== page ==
Man's physical universe



Observation Involves Both Analysis and Synthesis.

One has not really observed a building until he has taken it apart

(analysis) so that he can see and measure each individual part. On the

other hand, one has not really seen a building until it is constructed,

even though he may have seen each individual part and has studied the

architectural drawings. A watch cannot be observed adequately when

taken apart; it must be running in order to permit the most meaningful

observations. Putting things together is what is meant by synthesis.

Thus analysis breaks things down so that each part can be observed.

whereas synthesis puts things together so that the behavior of combinations

of things can be observed. As a rule analysis precedes Synthesis.

New Instruments Make New Observations Possible.

The invention of new instruments is one of the most important contributions

to the advancement of knowledge. Thousands of instruments

have been invented to enable man to make more exact and more

accurate observations: for example, the modern automobile mechanic

uses gas analyzers to enable him to make better carburetor adjustments;

the criminologist uses polygraphs to detect lies; physicists use

cyclotrons to study changes in the nuclei of atoms; and the modern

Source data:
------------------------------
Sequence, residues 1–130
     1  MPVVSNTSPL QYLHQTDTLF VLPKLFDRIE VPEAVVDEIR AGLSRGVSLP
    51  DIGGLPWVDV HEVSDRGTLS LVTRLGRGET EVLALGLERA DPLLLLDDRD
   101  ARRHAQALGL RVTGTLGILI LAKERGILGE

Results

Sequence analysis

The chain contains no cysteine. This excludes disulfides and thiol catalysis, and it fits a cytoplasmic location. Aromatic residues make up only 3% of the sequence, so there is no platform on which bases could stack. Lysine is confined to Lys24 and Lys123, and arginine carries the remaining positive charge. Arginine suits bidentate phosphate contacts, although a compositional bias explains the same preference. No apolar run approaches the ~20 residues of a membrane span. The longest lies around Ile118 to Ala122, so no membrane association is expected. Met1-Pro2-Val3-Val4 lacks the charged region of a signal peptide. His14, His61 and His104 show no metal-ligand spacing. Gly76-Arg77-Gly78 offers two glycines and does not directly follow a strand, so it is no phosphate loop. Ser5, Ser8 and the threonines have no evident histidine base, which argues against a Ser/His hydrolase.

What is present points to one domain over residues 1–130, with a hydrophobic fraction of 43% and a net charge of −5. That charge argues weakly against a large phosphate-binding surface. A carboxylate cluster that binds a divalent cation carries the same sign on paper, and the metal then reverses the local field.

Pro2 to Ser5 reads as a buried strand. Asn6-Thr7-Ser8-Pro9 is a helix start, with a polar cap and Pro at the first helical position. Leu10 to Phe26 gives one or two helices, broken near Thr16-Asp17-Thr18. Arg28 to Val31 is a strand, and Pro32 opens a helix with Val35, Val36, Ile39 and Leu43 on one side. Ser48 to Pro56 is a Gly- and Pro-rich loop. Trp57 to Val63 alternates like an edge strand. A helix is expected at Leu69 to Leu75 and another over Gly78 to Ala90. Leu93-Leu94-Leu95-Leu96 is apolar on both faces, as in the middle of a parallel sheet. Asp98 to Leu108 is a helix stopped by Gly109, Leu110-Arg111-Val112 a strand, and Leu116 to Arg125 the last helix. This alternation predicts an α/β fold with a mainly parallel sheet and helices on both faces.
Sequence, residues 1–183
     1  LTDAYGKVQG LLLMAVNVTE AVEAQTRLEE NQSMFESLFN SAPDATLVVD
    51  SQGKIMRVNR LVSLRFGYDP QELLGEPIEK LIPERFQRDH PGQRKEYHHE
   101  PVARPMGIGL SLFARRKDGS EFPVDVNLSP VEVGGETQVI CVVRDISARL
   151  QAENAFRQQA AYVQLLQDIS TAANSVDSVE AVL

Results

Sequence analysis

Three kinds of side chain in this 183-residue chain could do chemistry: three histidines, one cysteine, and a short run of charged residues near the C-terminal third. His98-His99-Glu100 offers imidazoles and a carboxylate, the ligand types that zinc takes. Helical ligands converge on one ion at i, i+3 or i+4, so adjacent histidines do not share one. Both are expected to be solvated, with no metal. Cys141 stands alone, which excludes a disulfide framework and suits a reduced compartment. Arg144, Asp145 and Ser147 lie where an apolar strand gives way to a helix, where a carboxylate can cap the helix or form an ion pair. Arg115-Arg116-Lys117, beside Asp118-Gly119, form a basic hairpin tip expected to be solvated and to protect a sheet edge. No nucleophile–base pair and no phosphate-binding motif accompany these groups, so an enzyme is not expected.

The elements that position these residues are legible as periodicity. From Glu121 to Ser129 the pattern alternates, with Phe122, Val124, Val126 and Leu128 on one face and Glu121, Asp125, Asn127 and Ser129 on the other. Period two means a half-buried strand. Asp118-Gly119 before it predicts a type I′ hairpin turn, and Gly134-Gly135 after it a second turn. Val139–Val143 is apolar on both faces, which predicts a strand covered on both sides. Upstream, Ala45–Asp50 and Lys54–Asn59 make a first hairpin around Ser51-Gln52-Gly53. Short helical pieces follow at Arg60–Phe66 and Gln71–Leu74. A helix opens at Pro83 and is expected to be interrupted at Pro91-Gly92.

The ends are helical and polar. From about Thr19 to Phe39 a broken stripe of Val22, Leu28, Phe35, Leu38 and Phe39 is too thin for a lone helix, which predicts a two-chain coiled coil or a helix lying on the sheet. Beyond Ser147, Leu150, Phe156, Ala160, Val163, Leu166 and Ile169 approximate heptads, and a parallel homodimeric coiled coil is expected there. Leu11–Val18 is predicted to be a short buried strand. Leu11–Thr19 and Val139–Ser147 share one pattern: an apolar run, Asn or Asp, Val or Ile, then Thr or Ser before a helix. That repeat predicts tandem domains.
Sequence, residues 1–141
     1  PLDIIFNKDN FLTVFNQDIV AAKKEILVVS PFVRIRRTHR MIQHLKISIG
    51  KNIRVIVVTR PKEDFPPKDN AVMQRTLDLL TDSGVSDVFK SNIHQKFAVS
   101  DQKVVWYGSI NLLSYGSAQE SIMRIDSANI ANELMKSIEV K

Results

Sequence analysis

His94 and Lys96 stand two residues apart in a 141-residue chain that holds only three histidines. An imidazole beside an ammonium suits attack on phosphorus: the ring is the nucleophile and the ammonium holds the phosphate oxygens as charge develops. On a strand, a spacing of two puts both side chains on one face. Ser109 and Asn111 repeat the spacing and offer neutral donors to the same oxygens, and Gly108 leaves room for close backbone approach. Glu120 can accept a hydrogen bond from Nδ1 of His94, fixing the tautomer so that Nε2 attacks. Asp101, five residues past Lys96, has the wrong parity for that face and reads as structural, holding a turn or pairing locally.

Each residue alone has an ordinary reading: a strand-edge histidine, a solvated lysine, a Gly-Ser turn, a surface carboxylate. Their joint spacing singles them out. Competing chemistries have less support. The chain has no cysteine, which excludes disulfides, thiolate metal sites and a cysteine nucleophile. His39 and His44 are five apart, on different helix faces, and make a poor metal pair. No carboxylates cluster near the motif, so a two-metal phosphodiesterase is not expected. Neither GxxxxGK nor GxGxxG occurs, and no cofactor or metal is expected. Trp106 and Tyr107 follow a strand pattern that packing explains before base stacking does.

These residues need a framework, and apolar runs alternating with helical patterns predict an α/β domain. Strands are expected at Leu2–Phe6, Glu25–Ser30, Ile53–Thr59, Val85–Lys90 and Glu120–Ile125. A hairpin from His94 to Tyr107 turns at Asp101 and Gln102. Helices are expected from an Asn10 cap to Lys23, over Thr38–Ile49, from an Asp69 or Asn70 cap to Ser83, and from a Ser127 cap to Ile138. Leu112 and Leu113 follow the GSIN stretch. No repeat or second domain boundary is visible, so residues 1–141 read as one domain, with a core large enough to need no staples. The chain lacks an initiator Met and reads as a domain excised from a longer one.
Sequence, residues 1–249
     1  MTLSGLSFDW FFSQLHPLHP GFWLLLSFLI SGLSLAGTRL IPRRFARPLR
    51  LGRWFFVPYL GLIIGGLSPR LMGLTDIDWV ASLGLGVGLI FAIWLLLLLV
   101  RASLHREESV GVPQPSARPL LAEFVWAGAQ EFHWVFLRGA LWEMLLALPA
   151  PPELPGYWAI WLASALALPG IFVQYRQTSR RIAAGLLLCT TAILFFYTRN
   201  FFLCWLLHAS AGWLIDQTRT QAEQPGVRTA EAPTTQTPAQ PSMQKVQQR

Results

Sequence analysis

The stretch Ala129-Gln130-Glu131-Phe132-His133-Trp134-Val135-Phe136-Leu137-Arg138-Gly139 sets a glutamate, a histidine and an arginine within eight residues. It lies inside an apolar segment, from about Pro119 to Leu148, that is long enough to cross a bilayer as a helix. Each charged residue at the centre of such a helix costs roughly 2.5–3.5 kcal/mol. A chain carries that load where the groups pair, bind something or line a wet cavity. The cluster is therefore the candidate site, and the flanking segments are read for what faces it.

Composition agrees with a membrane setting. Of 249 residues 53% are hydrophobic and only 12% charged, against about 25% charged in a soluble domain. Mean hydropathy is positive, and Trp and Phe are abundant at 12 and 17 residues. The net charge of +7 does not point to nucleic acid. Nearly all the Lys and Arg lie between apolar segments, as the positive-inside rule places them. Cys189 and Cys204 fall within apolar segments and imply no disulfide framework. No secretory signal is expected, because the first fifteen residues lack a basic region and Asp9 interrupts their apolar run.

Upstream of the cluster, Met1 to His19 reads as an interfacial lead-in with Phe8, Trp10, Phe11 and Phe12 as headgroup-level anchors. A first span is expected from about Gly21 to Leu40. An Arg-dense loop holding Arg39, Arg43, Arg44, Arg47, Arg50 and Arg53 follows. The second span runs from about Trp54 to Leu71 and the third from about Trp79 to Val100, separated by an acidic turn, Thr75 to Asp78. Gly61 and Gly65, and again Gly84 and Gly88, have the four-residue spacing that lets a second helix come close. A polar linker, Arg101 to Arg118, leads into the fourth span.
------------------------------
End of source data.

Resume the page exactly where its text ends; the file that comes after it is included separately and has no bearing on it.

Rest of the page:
electron microscope extends the range of the study of micro-organisms

still further.

Measurement Is the Master Art.

In obtaining data, the scientist must describe objects or phenomena

as accurately as possible; and in nearly every case, such a description

involves quantitative measurements, which must be expressed mathematically.

Measurements of high precision are prerequisite to the mass production

of modern machines with their interchangeable parts. Measurement

is not only essential to the best architecture, sculpture, painting,

or music, but it is the foundation of the exact knowledge which is

known as Science.

The modern theory of measurement is based on the assumption that

nearly all physical phenomena may be measured in terms of length,

mass, and time.^

Units of measurement, i.e.,


standards for comparison, are of great

It would be interesting to study the gradual evolution of

such units as the fathom, the pace, the cubit, the foot, the span, the

acre, the bushel, the quart, the gallon, the pound, and the ton. Everyone

who has spent so much of his time in school learning the units in

' The units of time are discussed in Unit 2, Section 9.

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